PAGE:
"Let's go," he said, waving away his rumpled cravat. He used this flat on occasion when he wanted privacy from his mother and the rest of the family at Derring House. He kept only the bare essentials here. Hunt could probably find him a clean, starched cravat, but Brook didn't want to bother with it. Some contrary part of him wanted to greet the duke without it.
At the bedroom door, Brook looked back at Hunt impatiently. Hunt cleared his throat and nodded to the bed. He'd forgotten Arabella.
She'd been onstage at the theater until late last night; then he'd taken her to dine before bringing her back here. She wouldn't wake for hours. Brook looked about for pen and paper. Finding neither, he started for the parlor and the desk there, but Hunt produced a sheet of foolscap and a pen and inkwell.
Brook gave the items a long look. "What else do you have hidden in your coat?"
"Oh, this and that, sir."
"Huh." Brook penned a quick note to Arabella, set it on the pillow where he'd been sleeping less than a quarter of an hour before, and followed Hunt out of the flat.
Twenty minutes later he stood in his mother's drawing room. Crawford, his mother's butler, offered him tea as though it were a reasonable hour instead of half five in the bloody morning.
"Where is my mother?" Brook asked Crawford, declining the tea and noting the way Lennox sat with his back rigid against the chair he occupied. He balanced a full, untouched cup of tea on his knee.
"She has gone back to bed, sir," Crawford said. "I am to inform Edwards if you require her ladyship's attention."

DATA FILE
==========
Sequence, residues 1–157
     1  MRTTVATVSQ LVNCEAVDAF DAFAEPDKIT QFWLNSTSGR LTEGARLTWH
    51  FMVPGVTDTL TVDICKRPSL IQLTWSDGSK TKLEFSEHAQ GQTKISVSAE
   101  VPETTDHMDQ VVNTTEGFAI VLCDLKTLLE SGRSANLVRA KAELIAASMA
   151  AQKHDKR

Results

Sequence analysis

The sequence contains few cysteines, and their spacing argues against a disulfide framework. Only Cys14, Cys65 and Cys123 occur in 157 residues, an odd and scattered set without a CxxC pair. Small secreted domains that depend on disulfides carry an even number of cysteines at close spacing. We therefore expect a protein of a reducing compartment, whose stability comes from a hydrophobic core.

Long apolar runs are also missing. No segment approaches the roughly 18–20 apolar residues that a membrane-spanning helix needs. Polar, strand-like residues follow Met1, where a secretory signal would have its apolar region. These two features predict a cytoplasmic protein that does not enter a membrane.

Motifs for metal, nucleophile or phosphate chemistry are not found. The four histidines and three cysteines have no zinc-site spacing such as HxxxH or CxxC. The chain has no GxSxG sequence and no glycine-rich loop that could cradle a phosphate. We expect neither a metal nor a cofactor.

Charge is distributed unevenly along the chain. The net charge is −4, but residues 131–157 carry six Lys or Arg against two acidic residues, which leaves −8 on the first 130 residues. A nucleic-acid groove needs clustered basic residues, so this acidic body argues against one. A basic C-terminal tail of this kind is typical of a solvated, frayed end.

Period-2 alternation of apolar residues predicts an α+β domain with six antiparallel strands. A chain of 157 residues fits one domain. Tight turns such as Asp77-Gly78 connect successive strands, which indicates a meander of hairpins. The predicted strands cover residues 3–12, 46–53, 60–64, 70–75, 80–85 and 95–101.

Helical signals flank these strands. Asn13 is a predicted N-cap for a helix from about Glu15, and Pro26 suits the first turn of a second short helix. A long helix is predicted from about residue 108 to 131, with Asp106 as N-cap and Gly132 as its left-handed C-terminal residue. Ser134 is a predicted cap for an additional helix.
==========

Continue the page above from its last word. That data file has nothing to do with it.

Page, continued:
"Very good, Crawford. Leave us."
When the butler had closed the door and Lennox and Brook were alone, Brook crossed to the mantel and leaned one arm negligently against it. The action caused his shirt, open at the throat, to gape slightly. He hadn't taken a comb or brush to his hair and, though it was short, he hoped it looked rumpled.
"This is a surprise," Brook said. "How kind of you to grace our lowly home."
The duke said nothing, simply stared at his tea. He was obviously distraught, and Brook almost felt sorry for him.
Finally, the duke looked up. His eyes were bloodshot, and his face looked haggard. The dark hair streaked with gray that he always wore combed back from his high forehead fell in unkempt waves over his brow.
"I didn't know where else to turn. I know you must hate me —"
"Hate is far too strong a word. It implies an emotion, and you inspire no emotions in me, Duke. I care not whether you live or die."
The teacup rattled and liquid sloshed over the rim as Lennox set it roughly on a table. "This isn't about me." He stood, rising to his full height, which was very nearly equal to Brook's. "I came because I thought you might be able to put aside the past, and because I hear you are the best."
"You found the missing Flynn boy and the daughter of the Marquess of Lyndon. If you won't do it for me, do it for Lila."
Excerpted from I Kissed a Rogue by Shana Galen. Copyright © 2016 Shana Galen. Excerpted by permission of Sourcebooks, Inc..